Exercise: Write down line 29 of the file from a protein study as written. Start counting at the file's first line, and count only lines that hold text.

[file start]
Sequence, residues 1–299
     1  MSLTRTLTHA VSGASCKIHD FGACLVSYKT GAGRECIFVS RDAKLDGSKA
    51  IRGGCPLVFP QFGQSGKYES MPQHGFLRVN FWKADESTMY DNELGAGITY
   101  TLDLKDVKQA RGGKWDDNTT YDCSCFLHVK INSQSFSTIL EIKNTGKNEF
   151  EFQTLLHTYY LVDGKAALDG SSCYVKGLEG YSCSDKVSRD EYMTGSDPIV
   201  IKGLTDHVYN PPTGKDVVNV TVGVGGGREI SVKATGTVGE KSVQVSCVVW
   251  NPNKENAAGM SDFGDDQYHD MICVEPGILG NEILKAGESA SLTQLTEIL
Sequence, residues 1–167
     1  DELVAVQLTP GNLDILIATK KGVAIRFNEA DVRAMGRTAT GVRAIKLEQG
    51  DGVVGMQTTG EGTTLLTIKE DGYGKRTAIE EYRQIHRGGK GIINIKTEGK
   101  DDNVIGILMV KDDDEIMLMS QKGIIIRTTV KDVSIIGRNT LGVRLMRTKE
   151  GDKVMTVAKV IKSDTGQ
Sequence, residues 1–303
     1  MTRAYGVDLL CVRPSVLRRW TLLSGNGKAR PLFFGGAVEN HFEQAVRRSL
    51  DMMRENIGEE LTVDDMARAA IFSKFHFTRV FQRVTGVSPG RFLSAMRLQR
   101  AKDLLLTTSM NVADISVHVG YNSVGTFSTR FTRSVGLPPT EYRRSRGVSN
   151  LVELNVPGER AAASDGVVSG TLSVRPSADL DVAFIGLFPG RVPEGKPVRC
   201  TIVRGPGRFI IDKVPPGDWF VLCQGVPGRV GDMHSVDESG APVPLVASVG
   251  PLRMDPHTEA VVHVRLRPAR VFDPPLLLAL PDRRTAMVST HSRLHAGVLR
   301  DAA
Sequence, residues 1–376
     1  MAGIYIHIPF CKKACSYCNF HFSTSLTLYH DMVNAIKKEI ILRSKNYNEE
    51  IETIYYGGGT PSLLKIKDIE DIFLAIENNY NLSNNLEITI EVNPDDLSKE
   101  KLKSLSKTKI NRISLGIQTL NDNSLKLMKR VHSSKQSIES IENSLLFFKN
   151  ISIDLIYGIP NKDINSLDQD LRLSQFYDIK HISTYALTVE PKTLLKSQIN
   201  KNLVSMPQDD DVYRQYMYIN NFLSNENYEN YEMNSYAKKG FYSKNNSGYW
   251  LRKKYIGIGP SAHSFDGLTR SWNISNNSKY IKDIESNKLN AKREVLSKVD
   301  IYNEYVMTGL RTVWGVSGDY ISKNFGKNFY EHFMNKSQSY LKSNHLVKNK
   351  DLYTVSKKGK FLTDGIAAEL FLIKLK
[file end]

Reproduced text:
   351  DLYTVSKKGK FLTDGIAAEL FLIKLK